:py:mod:`data_tools` Module
===========================

.. automodule:: salishsea_tools.data_tools
    :members:

Line 1 is a cross-reference label for the module docs. It must be unique, so we use the module’s Python namespace expressed in dotted notation. Once the above block of rst has been committed and pushed to Bitbucket it will become possible to link to it in either the tools or docs docs using:

:ref:`salishsea_tools.data_tools`

Within the tools repo only you can also link to the module docs with:

:py:mod:`salishsea_tools.data_tools`

thanks to automatic index generation provided by the autodoc extension.

Lines 3 and 4 are the section heading for the module’s docs. We use the :py:mod: semantic markup to make the module name stand out in the rendered docs, and to provide meaning in the docs source file. The heading underline should be appropriate to the level of the section in the API docs file. In most cases that is ======== that render in an HTML <h2> tag.

Lines 6 and 7 are the directives that tell the autodoc extension where to find the module’s code and how to process the module’s contents. The example shows the case that we most commonly use: identifying the module by it dotted notation namespace path. The :members: option on line 7 tells autodoc to generate docs for all of the public elements (classes, functions, module-level data structures, etc.) it finds in the module.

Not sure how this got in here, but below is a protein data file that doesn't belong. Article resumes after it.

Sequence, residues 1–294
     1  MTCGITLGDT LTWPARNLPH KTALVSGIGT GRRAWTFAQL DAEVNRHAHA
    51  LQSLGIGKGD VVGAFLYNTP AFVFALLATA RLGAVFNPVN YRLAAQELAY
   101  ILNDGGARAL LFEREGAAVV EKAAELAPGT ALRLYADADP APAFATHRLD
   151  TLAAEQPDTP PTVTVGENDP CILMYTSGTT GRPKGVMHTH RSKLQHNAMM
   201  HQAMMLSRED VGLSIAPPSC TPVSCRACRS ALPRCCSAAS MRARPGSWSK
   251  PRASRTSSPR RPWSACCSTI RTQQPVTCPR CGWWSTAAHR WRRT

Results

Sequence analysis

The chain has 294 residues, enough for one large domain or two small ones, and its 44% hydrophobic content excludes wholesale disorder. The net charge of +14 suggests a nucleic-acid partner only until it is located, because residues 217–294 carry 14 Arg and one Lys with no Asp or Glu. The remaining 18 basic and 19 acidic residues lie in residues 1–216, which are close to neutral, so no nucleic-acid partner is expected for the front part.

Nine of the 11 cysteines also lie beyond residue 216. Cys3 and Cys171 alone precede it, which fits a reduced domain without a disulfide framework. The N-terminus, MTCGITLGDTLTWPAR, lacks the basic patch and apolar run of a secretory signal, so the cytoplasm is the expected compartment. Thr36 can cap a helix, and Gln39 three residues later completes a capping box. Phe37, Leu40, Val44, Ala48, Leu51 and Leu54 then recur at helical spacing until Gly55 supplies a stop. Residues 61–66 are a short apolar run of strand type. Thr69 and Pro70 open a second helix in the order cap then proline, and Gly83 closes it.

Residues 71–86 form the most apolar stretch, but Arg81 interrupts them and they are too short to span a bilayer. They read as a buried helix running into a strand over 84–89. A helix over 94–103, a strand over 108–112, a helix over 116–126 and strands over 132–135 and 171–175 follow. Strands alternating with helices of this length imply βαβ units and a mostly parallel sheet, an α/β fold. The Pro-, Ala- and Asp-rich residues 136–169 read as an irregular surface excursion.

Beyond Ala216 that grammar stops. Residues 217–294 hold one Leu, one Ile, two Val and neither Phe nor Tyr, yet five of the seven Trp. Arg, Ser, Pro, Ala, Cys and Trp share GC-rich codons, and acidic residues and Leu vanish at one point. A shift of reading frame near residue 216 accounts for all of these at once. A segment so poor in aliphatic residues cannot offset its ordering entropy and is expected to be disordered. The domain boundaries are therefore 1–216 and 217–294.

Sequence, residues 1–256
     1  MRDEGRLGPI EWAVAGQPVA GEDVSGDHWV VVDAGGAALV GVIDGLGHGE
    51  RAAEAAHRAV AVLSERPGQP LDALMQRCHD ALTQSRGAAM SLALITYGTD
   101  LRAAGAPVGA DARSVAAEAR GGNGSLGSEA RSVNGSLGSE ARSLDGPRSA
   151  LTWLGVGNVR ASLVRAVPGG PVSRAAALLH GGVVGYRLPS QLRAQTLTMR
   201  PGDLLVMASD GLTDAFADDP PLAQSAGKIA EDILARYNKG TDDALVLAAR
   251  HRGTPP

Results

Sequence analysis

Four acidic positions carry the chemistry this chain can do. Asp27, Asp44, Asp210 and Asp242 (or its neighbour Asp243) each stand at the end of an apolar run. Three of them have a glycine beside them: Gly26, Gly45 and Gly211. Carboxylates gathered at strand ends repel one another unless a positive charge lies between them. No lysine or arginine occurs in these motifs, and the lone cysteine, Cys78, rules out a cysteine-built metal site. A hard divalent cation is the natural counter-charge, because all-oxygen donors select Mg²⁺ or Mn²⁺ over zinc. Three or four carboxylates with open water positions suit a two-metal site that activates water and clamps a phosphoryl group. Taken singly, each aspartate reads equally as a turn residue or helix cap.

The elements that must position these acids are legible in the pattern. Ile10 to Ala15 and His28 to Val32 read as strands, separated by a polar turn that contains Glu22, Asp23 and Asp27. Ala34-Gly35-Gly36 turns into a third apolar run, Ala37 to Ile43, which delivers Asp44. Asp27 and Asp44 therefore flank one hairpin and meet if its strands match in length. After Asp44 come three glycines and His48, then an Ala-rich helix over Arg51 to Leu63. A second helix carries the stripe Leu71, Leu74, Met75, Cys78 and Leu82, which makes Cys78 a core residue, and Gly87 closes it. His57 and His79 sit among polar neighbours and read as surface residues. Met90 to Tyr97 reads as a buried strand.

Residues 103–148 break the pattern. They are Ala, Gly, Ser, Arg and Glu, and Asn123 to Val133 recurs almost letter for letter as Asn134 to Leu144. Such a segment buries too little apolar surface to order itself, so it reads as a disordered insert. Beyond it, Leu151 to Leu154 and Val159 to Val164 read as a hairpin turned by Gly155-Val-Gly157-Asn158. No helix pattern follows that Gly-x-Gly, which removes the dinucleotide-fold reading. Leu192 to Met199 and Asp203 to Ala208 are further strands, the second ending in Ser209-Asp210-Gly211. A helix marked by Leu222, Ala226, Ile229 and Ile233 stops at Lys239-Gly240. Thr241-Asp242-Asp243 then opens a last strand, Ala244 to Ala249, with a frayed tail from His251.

See the Sphinx autodoc extension docs for more details.

Return SimpleNamespace from Functions

If you are writing a function that returns more than one value, consider returning the collection of values as a SimpleNamespace. If your function returns more than 3 values, definitely return them as a SimpleNamespace.

SimpleNamespace objects that have fields accessible by attribute lookup (dotted notation). They also have a helpful string representation which lists the namespace contents in a name=value format.

>>> p = SimpleNamespace(x=11, y=22)
>>> p.x + p.y               # fields also accessible by name
33